I spent an entire variable-condidtion pow day on the Soul 7 & found it a mediocre intermediate ski that did *nothing* well other than be light. Even under my 160lbs, float in light & medium density snow was lacking. Yes the ski is 10mm narrower than the old S7, but unfortunately what you give up in the pow is not paid back on piste. The vaunted, new, flatter, & squarer tail shape on the Soul 7 provided no discernible advantage on hard snow, however it made the ski much less maneuverable in tight & deep conditions than its wider predecessor.
Hard snow performance was truly abysmal: the tips flattered like rag-dolls at speeds over 25mph on tracked up, glazed rides back to the lift. The tips & tails are so soft that it feels like there is no camber to this ski. Quick, edge-to-edge short radius turns were utterly lacking in energy or edge bite. GS turns w/ the Soul 7s skied way out away from body engaged the edges, but were harrowing on a ski this spineless.
In contrast, on the old S7s or Armada JJs, I had no problem making snappy, carved short turns in the fall line with enough camber to "pop" me into the next turn. W/ a centered, modern stance "fun shapes" like the old S7s, JJs, & Patrons will also carve decent GS turns up till about 40mph, when they start to chatter on icier slopes, but every decent ski in this category is still more stable at 40mph than the Soul 7 was at 20mph.

Who is this ski for? No idea.
Low intermediates looking for a ski with more float should opt for more tail rocker for easier turning. Everyone else will be left wishing this ski had more substance.
Perhaps the wider Super 7 or Squad 7 offer this, but I need a tourable width that will side-hill, so I'm looking elsewhere.

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BergMann

BergMann wrote a review of on March 6, 2014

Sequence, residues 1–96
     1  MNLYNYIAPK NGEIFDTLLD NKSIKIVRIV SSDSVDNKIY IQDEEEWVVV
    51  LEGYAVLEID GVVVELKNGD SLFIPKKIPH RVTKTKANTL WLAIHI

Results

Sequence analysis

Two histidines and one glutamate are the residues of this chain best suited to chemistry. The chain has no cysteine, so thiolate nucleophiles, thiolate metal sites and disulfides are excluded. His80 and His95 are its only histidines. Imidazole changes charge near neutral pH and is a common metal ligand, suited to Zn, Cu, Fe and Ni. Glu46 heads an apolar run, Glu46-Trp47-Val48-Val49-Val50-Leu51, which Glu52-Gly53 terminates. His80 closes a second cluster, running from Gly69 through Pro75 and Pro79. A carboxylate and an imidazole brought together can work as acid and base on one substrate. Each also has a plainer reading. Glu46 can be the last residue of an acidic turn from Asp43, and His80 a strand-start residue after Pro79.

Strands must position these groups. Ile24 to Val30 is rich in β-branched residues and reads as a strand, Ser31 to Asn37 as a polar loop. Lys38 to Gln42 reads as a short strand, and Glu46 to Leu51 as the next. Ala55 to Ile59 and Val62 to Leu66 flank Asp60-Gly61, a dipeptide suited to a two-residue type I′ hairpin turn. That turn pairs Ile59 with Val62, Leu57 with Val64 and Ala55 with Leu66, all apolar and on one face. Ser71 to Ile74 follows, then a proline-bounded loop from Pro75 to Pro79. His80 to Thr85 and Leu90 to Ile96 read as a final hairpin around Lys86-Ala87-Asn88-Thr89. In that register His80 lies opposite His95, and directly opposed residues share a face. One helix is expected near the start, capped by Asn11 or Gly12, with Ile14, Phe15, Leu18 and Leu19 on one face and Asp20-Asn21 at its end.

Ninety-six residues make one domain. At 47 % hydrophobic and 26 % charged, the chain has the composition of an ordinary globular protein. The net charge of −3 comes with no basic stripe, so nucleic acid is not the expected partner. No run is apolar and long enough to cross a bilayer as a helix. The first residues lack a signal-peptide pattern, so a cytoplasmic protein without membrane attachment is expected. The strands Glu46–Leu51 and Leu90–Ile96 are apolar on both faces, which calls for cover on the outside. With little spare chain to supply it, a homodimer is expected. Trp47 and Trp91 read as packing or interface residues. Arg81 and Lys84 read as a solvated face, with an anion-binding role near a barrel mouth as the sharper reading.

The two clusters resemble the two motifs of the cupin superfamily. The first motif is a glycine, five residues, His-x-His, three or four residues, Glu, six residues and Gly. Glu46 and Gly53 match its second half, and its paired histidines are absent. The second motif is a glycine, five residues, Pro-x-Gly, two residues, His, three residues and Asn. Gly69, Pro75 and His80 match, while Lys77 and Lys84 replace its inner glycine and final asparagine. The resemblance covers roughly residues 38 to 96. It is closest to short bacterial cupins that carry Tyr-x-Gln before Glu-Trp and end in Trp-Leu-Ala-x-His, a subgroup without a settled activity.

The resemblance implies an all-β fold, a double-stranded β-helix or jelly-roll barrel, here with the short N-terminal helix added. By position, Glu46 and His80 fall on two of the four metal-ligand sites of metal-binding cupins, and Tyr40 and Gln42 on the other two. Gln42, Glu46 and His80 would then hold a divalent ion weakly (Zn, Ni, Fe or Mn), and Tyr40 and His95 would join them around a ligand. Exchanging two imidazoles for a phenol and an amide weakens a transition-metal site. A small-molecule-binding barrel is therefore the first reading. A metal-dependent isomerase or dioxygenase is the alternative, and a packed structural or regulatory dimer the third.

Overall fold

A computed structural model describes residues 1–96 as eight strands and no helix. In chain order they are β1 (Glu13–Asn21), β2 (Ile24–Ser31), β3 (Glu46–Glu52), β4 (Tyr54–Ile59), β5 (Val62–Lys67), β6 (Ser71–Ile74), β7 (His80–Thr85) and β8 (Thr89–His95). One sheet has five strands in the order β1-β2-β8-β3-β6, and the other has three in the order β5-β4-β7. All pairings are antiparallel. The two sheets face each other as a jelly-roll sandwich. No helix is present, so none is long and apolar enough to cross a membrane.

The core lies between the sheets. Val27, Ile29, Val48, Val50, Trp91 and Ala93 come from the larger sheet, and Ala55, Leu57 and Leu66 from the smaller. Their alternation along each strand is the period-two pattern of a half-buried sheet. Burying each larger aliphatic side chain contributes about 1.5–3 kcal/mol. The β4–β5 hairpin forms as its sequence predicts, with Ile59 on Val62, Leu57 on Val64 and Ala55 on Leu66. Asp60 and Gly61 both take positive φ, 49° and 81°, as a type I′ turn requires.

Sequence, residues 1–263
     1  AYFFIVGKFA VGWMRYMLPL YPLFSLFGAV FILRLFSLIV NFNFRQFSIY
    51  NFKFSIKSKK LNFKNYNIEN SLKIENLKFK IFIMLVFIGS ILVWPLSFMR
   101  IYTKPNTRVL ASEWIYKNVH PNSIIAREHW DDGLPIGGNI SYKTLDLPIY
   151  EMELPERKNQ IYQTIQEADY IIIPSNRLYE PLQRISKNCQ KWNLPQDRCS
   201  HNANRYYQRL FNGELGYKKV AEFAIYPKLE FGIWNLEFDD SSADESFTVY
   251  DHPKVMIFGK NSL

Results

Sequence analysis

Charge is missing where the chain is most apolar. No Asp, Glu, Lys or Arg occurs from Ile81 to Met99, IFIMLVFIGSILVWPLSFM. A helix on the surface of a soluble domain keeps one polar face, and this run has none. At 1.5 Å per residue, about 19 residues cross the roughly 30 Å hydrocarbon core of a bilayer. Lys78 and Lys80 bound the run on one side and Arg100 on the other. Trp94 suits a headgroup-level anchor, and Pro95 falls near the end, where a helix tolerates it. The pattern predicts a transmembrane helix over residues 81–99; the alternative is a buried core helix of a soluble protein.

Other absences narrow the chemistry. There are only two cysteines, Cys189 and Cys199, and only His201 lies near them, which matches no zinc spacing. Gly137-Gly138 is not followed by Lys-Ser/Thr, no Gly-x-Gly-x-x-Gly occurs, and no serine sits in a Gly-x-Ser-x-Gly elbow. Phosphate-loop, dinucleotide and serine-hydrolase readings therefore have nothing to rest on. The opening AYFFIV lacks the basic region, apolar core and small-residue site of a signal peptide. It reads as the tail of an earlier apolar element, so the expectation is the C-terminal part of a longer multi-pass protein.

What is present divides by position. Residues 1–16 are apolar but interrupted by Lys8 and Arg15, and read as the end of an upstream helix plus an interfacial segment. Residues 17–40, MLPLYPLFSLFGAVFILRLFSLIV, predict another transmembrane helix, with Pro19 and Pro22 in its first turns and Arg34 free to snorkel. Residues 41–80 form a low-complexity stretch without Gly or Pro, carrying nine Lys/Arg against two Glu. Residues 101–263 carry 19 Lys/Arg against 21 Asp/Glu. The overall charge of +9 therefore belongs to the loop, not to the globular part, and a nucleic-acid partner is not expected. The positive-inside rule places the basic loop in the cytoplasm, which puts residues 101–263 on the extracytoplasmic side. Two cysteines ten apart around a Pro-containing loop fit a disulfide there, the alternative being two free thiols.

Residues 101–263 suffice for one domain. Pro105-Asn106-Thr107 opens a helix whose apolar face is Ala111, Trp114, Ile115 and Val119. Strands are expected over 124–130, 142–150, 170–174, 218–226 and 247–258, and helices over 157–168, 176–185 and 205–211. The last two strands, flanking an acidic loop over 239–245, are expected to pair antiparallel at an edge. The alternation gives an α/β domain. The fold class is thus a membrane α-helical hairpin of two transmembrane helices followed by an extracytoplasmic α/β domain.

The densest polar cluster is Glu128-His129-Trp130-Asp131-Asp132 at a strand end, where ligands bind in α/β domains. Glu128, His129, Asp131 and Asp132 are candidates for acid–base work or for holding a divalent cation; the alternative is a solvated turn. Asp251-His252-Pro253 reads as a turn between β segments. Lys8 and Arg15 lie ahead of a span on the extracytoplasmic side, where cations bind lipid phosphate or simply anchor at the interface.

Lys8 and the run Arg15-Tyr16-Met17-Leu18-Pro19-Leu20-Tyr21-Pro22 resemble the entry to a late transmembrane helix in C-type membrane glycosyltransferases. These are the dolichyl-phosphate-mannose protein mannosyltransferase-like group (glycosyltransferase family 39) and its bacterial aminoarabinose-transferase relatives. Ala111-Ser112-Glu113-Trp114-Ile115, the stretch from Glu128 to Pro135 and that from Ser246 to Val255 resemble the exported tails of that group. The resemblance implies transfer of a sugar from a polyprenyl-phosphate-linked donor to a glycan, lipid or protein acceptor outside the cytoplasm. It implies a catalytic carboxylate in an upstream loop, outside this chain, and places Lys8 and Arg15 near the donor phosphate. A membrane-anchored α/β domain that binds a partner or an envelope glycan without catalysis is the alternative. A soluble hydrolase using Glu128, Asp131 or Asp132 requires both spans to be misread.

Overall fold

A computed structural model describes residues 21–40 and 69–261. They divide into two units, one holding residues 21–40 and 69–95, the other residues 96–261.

5 5

Familiarity: I've put it through the wringer

Skier: 6'1", 160lbs. Technically proficient on any terrain.
Setup: 185cm, Marker Baron binder.
Daily use: trees, pillows, chutes, & tight technical terrain of S. Lake Tahoe.
Of the dozen or so "fun shaped," rockered skis I've tried in the 115mm-ish waist category the JJ is by far the most balanced design: it excels in soft snow & is still tons of fun in mixed conditions typically found at resorts. Float is awesome, pivoting & smearing effortless, and the cambered section offers fantastic edge grip on hard snow for a ski this wide and light (9.8lbs in 185cm).
My daily skiing is in tight, technical trees, chutes, spines and pillowlines typical of the resorts & backcountry of South Lake Tahoe. While I don't ski switch outside of the park, I do find the rockered tails useful for tail drags in tight spots where you want to keep it on the snow and for wheelies to help get the tips up and over larger obstacles.
For skiers of similar weight & w/ the technique to lay down good, carved turns on hard snow, I'd rate the "speed limit" around 40mph. The ski will go faster, but like most other tapered, tip & tail rockered skis of this width, you'll begin to feel the tips & tails flatter at high speeds when slopes get icy.
Caveat: bigger skiers (~180lbs+) looking to ski wide open spaces flat out & blast through heavy crud should look elsewhere. Blizzard and Volkl make flatter-tailed, stiffer, big-mountain skis better suited to your needs.